While the League of Arab States is calling for the necessity of interaction with the civil society, the Tunisian government rejected the request of CIHRS to allow holding the First Civil Forum parallel to the Arab summit. Moreover, the League ignored the request of the Forum to allow the participation of Civil Forum as observers in the Arab summit.
The Summit ignored the massacres in Darfur in Sudan which reached the extent of ethnic cleansing at the hands of the pro-government militias and the flagrant violations of human rights and the International Humanitarian Law. This is irrespective of the report by the fact-finding mission sent by the Arab League which emphasizes the fact that there are blatant violations by the Sudanese government. The apathy of the Summit might be another justification for external intervention in Darfur. It is noteworthy that the Arab governments condemned the practices of the occupation forces in Iraq, particularly the instances of torture of the Iraqi prisoners and detainees at the hands of the US and British forces. Nevertheless, the summit did not address the mutual agreements and arrangements of as many as one third of the Arab countries with the US against the International Criminal Court to safeguard the evasion of the American soldiers of punishment in case they commit war crimes. Thus, the credibility of whatever action to be taken by the Arab League to defend the Iraqis and the victims of US violations is questioned.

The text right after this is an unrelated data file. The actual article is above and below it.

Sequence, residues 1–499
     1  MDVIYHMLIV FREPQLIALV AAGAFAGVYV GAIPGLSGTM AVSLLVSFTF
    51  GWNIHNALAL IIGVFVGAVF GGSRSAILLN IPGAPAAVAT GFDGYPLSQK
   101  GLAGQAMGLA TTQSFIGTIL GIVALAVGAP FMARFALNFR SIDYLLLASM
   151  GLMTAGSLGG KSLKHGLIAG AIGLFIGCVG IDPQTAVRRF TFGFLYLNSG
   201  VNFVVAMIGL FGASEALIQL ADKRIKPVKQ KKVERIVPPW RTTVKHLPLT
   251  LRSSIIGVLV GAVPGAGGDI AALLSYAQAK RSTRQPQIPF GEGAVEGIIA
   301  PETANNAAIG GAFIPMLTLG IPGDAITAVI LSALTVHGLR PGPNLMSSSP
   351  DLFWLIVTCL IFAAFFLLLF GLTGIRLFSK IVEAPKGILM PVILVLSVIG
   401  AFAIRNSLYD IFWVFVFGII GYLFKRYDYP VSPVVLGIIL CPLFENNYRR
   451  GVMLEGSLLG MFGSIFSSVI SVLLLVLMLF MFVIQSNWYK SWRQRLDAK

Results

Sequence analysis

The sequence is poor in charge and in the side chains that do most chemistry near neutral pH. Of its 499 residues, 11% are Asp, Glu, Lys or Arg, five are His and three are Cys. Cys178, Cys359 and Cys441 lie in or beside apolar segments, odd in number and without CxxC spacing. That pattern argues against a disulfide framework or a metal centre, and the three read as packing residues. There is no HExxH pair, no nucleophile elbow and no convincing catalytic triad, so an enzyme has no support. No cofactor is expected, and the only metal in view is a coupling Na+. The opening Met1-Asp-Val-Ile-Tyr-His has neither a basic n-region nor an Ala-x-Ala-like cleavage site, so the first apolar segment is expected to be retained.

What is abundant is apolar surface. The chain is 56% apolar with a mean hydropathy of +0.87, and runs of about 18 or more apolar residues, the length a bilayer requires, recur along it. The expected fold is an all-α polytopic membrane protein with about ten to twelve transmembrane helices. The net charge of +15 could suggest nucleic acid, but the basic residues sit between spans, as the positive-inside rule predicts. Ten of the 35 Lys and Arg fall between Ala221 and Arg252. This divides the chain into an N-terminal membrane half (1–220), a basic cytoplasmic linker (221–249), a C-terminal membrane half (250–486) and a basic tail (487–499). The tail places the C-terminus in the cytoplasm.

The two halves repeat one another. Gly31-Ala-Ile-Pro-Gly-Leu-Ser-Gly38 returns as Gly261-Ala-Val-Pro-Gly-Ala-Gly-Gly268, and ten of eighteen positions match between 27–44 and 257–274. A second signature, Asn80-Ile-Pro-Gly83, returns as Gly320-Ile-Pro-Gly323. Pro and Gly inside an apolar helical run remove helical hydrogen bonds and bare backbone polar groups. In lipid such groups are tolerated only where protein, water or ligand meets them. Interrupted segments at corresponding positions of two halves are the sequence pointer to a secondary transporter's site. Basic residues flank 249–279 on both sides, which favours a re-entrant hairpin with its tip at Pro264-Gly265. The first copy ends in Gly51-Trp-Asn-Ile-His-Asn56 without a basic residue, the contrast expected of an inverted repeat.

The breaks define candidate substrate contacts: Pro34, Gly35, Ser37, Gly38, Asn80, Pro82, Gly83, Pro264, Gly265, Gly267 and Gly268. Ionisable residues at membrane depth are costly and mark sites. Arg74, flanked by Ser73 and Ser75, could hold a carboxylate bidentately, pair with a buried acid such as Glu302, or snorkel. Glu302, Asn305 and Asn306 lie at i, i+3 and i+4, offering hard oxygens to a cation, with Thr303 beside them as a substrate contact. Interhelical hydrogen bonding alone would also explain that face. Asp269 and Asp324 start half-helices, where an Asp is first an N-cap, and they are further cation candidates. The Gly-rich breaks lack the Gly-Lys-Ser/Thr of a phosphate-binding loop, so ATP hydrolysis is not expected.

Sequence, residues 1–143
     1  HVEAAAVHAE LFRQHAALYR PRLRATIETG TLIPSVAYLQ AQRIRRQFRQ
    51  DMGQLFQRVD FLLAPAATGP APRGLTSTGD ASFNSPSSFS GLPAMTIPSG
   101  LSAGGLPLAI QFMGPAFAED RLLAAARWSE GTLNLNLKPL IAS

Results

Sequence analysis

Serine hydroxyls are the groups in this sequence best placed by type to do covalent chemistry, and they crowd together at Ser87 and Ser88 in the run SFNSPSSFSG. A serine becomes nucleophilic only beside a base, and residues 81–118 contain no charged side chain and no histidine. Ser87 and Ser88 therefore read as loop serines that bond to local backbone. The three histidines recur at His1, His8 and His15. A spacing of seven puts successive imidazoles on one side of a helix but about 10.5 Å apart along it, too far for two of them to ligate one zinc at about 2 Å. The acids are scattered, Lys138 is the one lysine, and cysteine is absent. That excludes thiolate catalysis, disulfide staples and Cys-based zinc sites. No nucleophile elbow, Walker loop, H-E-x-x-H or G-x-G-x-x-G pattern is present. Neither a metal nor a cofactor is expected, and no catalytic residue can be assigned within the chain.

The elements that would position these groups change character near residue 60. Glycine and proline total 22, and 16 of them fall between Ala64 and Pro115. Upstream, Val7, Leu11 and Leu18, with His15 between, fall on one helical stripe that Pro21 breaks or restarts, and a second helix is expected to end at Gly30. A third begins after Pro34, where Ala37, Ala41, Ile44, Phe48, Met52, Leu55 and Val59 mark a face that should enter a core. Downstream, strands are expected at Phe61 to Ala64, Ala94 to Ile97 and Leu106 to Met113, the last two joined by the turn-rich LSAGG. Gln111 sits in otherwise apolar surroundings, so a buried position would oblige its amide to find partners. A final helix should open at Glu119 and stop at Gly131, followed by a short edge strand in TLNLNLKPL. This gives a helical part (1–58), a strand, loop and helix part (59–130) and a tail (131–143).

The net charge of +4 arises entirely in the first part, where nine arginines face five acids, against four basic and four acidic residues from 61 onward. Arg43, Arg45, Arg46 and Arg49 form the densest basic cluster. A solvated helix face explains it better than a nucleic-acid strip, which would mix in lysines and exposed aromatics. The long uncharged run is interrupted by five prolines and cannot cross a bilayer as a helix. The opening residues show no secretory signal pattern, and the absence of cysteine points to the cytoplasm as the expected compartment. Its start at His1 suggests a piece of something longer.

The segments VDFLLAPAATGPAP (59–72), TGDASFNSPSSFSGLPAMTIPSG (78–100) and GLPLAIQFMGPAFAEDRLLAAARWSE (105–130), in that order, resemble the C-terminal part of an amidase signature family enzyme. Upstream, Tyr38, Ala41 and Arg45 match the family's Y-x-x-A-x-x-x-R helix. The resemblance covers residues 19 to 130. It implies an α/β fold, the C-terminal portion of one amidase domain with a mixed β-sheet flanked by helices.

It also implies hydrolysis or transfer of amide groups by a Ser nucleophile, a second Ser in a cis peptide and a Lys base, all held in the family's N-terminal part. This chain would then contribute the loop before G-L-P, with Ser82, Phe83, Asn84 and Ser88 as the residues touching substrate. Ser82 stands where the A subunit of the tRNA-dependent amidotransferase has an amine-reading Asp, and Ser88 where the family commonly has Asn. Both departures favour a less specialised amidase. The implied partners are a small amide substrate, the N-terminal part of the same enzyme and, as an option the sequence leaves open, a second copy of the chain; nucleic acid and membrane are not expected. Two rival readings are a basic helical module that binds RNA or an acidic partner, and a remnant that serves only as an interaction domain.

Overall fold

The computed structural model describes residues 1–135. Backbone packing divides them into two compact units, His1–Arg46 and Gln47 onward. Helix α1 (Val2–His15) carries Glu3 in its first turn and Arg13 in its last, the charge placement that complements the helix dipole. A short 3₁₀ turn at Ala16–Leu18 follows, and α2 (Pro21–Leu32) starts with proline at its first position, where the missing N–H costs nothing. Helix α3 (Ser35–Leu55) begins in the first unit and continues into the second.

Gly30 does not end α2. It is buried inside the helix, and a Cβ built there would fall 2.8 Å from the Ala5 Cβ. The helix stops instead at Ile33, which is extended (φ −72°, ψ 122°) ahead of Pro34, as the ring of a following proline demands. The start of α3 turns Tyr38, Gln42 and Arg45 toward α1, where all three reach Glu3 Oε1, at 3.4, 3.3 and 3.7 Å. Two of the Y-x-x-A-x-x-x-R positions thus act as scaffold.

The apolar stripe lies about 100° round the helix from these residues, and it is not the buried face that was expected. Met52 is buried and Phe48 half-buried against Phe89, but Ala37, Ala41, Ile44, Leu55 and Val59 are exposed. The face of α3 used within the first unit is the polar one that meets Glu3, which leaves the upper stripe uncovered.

As for the escalating violations in the Palestinian territories and the recent war crimes in Rafah against the Palestinian civilians, the Summit did not but condemn such practices. It did not propose definite recommendations to pursue the Israeli war criminals and protect the Palestinians. Moreover, the real support of the Arab governments to the Palestinian people is not to be assessed through press releases directed to the local use which does not imply any commitments to provide humanitarian assistance for the Palestinians. It does not also alleviate their suffering. Respect for the Palestinian refugees in the host Arab countries should be ensured and the practices of discrimination against them should be stopped. There should be pressures to end the US blatant bias to Israel and its evasiveness towards declaring the Palestinian statehood in 2005.
The Arab summit has failed, even to absorb the pressures of local public opinion and the international community for reform. It has become clear that reform should be undertook by Arab peoples, the civil society, particularly the political parties, syndicates and human rights institutions regardless of the rhetorical promises of the Arab governments.